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Hoosier National Forest Planning Prescribed Burns
Updated November 2, 2015 6:59 PM | Filed under: Natural Resources
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(BEDFORD) - Hoosier National Forest staff have completed one prescribed burn this fall and have three more planned if weather cooperates. 

"We had a small window of opportunity a couple weeks ago when the weather was perfect for a fall burn," says Hoosier Fire Management Officer Terry Severson. "It was earlier than we can normally burn, but we were ready and it went well."

Forest staff burned a 25-acre warm season grass opening in Crawford County on October 15. A small portion of the area had burned in a wildfire in June so part of the field had regrown.

"The regrowth resulted in the fire not carrying well through that portion of the burn which created a mosaic of habitat," Severson added. "We were very pleased with the fire effects and feel this will benefit wildlife and pollinators come spring."

A larger, 250-acre area of wetland grasses and woodland is planned in Orange County near Roland. This area surrounds the Roland Wetland.

Two other areas to be burned this fall are both woodlands with glades and barrens.  The Rattlesnake Burn is 1,034 acres with the goal to improve oak-hickory regeneration.  The Bull Hollow Burn is 654 acres and is being burned for glade/barren restoration as well as to improve oak-hickory regeneration.  Both areas are in the Mogan Ridge area of Perry County. 

The prescribed burns are planned for this fall as weather and conditions become favorable but burning all the areas may not be possible.  Severson explains each year more acres are prepared for prescribed burns than are actually burned.

"Each burn area requires a different 'prescription,' which determines what wind direction and speed, temperature and fuel moisture are required for any given burn to be ignited," he says. "The more areas we have ready to go, the more likely on any given day and weather forecast we'll be able to find an area that we can burn." 

There are only a limited number of days during the year that are suitable for prescribed burning so the Forest wants to maximize their opportunities.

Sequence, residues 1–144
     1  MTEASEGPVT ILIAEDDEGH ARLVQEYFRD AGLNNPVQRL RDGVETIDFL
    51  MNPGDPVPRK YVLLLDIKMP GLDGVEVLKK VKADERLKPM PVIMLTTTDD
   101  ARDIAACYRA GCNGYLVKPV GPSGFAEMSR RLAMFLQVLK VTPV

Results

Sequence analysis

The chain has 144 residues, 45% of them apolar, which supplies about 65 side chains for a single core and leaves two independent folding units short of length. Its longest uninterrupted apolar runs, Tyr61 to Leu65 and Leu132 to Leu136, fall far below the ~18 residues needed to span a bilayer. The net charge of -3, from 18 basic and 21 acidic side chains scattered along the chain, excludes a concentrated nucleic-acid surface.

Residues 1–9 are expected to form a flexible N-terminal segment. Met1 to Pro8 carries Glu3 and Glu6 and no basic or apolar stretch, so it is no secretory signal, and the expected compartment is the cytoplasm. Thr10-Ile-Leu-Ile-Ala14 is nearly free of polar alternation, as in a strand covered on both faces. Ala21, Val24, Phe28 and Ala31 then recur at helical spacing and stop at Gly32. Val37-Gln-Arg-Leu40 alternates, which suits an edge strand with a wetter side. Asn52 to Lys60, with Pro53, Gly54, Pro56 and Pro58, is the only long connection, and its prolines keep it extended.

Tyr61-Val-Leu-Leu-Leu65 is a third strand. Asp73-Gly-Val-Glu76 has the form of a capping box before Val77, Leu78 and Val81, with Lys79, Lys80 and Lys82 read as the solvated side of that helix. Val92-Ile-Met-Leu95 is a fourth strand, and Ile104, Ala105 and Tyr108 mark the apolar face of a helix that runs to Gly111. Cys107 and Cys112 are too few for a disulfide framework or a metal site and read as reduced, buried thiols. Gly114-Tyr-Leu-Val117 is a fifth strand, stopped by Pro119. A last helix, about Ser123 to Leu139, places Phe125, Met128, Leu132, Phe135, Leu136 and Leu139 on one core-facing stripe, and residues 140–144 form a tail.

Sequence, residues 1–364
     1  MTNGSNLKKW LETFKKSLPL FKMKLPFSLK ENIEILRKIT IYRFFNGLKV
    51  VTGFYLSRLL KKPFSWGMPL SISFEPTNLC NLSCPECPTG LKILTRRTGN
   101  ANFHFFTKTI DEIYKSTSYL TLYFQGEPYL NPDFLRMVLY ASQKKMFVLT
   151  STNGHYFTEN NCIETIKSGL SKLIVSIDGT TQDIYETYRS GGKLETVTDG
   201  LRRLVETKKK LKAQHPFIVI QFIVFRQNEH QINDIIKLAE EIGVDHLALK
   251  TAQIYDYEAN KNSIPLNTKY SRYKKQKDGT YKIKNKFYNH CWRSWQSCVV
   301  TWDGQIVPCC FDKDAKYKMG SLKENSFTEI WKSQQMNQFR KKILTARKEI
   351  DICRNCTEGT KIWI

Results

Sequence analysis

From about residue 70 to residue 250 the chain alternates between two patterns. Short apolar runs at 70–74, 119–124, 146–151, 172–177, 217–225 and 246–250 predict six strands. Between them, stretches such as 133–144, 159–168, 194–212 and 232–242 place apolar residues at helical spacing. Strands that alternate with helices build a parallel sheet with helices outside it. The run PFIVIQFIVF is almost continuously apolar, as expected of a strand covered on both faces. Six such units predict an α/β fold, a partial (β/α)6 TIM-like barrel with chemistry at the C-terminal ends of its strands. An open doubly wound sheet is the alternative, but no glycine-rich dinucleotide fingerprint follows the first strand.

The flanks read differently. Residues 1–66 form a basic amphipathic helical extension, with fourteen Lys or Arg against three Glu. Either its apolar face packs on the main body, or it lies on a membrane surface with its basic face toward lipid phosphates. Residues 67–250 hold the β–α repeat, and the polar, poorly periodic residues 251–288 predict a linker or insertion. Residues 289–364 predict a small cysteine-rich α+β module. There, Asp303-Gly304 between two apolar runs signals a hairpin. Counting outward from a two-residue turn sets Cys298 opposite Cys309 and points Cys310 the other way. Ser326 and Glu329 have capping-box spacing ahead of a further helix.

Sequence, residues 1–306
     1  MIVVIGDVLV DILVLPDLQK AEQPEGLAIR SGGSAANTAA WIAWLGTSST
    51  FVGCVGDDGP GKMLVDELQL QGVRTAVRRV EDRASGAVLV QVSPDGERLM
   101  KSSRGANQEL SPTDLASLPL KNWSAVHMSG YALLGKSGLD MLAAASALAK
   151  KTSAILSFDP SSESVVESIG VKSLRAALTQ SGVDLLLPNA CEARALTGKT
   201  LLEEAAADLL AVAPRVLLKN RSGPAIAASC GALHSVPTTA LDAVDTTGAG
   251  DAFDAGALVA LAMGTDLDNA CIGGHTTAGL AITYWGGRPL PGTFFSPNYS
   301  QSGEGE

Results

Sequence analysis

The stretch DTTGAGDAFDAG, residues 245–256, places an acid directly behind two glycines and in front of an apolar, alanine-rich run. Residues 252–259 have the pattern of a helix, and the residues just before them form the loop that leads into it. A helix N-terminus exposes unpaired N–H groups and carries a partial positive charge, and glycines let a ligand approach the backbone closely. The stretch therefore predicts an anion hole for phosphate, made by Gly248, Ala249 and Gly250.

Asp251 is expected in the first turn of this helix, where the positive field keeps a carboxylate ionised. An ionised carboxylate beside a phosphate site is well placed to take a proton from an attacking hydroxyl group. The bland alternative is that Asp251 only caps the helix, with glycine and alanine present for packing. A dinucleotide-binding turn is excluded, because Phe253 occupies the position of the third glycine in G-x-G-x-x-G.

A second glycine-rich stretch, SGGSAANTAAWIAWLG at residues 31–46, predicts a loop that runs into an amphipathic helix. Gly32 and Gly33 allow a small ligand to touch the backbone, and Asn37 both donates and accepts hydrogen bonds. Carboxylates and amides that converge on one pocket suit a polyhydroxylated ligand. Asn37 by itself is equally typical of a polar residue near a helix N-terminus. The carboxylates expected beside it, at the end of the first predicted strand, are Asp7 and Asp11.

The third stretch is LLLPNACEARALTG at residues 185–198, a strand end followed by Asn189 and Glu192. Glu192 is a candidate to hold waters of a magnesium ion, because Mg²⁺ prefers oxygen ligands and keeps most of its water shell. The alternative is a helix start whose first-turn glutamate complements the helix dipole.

Severson explained wind direction is often the limiting factor with adjacent roads or private homes so the Hoosier prioritizes areas by ecological objectives and then wind direction. 
If the burns don't occur this fall, and the conditions are right this winter, the Forest could conceivably burn in December or January.

Each area will be closed to the public on the day of the burn and for some time after the burn until the area is considered safe. If there are a significant number of burning snags, the areas may be closed for several days for public safety.  Signs will be posted along the fire line and at any logical entry points into the area. The Mogan Ridge Trail runs through both the Rattlesnake and Bull Hollow burns so this trail will be closed during and after these burns until the area is safe.

Hunters are asked to use caution and pay particular attention to signs posted in areas they plan to hunt. In general Severson says fire-fighters avoid burning during the firearm deer hunting season.

The exact date of each burn is dependent on weather and fuel conditions. Prescribed fires will be lit by hand, using drip torches. Forest staff notifies the public in the immediate area of the prescribed burn by letter.  If Forest neighbors wish to know the specific date of the ignition, they can call the Forest dispatch office to be informed once the decision is made to burn. Severson encourages anyone with medical issues who might be affected by smoke, such as asthma or emphysema who live immediately around where a prescribed burn is planned, to contact the Forest Service. He notes, "We want to do everything we can to minimize effects on our neighbors."

For questions on the prescribed burns, to request notification, or to report medical conditions please contact the Indiana Interagency Coordination Center Dispatcher at (812) 547-9262.



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